Sunday, December 9, 2007

Agile Business Rule Development Methodology

I will publish this month the Agile Business Rule Development plug-in for the Eclipse Process Framework. This plugin presents a pragmatic approach to the development of a Business Rule Application using Rule Engine and Business Rules Management System (BRMS) technology such as ILOG JRules, Rules for .Net or any other Rule Engine and BRMS on the market.

Business rules are an expression of business policy in a form that is both comprehensible to business users and executable by a rule engine. From a business perspective, a business rule is a precise statement that describes, constrains, or controls some aspect of the business. Let’s illustrate this with a simple example coming from the lending industry. The following business policy can be established to limit the purchase of loans by a bank or lender:

Only prime loans are eligible for purchase

This policy may be split into two rules, one defining what a prime loan is and the second taking the decision on purchasing it.

R1: If the loan amount is less than the prime loan limit, then the loan type is Prime

R2: If the loan type is not Prime then reject the loan

Implementing these rules using an Object Oriented Language may look like two if statements testing conditions on objects, and applying actions on the same or other objects:

if (loan.amount <>

loan.type = PrimeType;

}

if (loan.type != PrimeType) {

case = new Case(“Loan is not Prime”);

loan.status = REJECT;

}

The concept of business rules is not new, and for decades analysts and developers were implementing them within business applications. What is more recent is the introduction of a Business Rule Management System application which provides tools to manage the rule as a standalone element, outside of the core business application, and in a form which is executable by a rule engine.

Business rules are packaged as a rule set which can be considered as a piece of software executed by a rule engine. Integrated in a business application, the rule set implements a sub-set of the business logic. This logic is externalized from the traditional code and can be easily changed, and maintained by business analysts instead of developers.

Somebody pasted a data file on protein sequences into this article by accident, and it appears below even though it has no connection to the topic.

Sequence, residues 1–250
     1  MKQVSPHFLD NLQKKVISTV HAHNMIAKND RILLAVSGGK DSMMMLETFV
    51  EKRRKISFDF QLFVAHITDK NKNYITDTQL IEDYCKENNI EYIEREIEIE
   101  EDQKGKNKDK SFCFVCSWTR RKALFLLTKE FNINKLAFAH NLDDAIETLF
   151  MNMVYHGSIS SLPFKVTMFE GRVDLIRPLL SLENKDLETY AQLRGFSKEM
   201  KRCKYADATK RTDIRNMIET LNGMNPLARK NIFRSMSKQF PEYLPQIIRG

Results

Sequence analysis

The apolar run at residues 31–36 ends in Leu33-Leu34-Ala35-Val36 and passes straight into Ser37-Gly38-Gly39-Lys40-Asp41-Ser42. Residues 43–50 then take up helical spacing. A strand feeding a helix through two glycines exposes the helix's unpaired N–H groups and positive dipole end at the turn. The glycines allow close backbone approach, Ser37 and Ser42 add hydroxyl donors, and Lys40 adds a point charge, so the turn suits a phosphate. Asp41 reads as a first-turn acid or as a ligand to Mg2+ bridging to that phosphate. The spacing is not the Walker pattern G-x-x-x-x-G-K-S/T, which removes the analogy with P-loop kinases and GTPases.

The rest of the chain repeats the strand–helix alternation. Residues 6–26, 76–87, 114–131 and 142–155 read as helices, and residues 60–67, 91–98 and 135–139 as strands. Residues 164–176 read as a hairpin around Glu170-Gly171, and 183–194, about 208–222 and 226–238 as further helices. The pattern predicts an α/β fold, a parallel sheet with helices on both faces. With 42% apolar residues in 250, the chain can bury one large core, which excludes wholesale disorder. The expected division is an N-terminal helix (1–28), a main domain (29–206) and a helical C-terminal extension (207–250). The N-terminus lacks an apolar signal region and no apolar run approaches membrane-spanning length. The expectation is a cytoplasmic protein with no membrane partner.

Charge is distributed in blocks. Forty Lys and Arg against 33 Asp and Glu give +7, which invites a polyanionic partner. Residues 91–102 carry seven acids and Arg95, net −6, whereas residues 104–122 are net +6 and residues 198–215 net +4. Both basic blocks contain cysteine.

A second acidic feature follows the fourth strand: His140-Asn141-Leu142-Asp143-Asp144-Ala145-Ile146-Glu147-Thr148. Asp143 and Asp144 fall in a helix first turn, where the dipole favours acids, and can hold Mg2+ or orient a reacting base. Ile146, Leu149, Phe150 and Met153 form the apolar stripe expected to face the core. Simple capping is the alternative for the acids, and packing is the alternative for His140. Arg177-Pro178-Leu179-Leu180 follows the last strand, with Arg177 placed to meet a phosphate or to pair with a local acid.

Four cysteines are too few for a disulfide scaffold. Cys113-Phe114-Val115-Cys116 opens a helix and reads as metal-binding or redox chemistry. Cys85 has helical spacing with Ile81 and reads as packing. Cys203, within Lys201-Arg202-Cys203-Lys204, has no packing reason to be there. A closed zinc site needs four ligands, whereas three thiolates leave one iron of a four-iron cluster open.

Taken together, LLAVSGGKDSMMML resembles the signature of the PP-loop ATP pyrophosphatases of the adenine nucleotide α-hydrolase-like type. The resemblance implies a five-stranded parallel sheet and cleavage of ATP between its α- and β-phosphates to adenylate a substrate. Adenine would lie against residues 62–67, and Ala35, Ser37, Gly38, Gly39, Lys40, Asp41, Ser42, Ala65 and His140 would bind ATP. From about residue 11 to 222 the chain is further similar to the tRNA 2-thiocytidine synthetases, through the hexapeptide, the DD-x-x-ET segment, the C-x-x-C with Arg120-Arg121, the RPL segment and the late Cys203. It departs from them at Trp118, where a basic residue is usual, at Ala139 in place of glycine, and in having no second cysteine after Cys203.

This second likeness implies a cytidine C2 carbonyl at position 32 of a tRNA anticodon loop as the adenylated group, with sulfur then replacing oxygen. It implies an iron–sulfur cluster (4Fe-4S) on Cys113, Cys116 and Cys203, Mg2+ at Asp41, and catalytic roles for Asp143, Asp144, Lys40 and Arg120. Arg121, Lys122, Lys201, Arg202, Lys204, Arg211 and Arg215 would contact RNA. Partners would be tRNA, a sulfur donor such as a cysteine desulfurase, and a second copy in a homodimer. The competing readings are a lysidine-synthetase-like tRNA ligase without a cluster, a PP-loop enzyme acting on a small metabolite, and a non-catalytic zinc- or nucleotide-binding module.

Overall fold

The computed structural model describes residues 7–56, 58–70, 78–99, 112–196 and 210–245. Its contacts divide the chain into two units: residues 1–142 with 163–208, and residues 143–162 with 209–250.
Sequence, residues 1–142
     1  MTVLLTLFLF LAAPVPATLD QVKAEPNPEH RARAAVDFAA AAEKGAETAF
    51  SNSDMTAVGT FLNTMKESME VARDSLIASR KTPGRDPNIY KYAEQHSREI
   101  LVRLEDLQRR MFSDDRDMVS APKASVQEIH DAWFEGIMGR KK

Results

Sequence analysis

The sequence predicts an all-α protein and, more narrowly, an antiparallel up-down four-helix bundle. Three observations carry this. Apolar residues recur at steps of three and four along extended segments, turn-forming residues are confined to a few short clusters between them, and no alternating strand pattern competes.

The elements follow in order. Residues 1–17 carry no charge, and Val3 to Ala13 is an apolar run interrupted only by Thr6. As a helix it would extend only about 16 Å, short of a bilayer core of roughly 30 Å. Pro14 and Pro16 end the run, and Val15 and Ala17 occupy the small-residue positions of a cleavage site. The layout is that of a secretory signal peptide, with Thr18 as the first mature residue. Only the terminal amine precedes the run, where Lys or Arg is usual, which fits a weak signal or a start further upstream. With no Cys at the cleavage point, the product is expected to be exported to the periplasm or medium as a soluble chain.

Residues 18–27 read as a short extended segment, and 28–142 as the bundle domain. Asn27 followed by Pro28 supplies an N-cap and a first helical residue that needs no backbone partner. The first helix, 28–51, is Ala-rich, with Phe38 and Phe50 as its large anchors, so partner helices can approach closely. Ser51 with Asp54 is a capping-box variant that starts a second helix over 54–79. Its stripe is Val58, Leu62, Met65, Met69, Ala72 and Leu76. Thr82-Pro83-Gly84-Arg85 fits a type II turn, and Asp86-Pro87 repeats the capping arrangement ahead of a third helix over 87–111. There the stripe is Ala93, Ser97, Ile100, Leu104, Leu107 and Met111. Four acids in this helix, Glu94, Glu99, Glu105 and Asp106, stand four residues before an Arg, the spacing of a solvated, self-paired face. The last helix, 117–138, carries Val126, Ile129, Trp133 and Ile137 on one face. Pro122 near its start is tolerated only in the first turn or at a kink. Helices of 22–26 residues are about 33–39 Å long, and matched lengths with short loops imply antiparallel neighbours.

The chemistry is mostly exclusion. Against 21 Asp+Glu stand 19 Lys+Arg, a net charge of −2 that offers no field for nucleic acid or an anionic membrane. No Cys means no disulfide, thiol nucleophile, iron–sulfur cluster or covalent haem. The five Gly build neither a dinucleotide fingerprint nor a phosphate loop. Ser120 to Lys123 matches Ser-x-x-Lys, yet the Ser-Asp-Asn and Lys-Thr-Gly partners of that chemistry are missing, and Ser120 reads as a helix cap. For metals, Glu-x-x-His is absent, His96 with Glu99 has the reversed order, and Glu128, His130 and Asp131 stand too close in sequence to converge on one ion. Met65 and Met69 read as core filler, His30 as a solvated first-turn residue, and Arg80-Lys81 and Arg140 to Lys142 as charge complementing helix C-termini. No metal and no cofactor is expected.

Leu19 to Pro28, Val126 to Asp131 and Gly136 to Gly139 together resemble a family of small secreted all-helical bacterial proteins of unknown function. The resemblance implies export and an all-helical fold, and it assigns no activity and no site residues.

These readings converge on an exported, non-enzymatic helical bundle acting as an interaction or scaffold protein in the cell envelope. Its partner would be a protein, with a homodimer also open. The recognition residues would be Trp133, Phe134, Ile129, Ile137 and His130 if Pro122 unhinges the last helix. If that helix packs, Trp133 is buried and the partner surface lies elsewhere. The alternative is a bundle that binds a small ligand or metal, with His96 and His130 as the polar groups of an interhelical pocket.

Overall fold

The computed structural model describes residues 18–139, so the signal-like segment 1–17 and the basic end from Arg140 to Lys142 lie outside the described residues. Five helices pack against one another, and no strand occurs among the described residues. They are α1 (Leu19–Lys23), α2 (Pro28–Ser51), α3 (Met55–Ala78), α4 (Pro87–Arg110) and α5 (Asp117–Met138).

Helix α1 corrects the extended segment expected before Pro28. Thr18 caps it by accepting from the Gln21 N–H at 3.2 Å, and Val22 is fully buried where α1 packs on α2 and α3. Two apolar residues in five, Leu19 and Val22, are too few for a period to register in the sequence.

As opposed to business logic embedded and hidden in functions, procedures, macros or databases, business rules are clearly separated from the rule engine, a software component which executes and activates rules based on matching conditions on a set of data.

Figure 1 below illustrates this fundamental approach in implementing business logic, with the old embedded model on the left and the new architecture on the right. In many ways the approach is similar to the separation of code and data which Data Base Management Systems (DBMS) brought in the 1970




Figure 1: Buried vs. Externalized Business Rules

A piece of business logic or rule embedded in code will be more difficult to identify, locate, and change, therefore increases costs of maintenance.

A rule which is externalized in a BRMS platform, and whose versions are controlled in a rule repository and deployed and executed in a rule engine, will be much easier to modify, thus reducing dramatically the time and cost to implement changes required by the business.

Traditional software life cycles such as the V cycle or waterfall model are notorious for leading to systems which costs more than expected, come to market later than planned and with outcomes not matching the clients’ initial expectations. With such approaches, the business users have little ownership of the solution, and the time required to implement changes can easily range from 3 to 6 months if not more. As a result, policy owners don’t feel comfortable with change which translates into a loss of agility to respond to new business and competitive situations: too much time passes between policy owners submitting requirements to IT and the actual deployment of new rules.

Also, with all the fine tuning and iterations, policy owners cannot really be sure that the policy is being implemented according to their needs. The only way to actually know is to keep performing tests and hope that all the cases are covered in such tests.

As important element of the business decision, the business rules need strong management processes and tools to support their life cycle.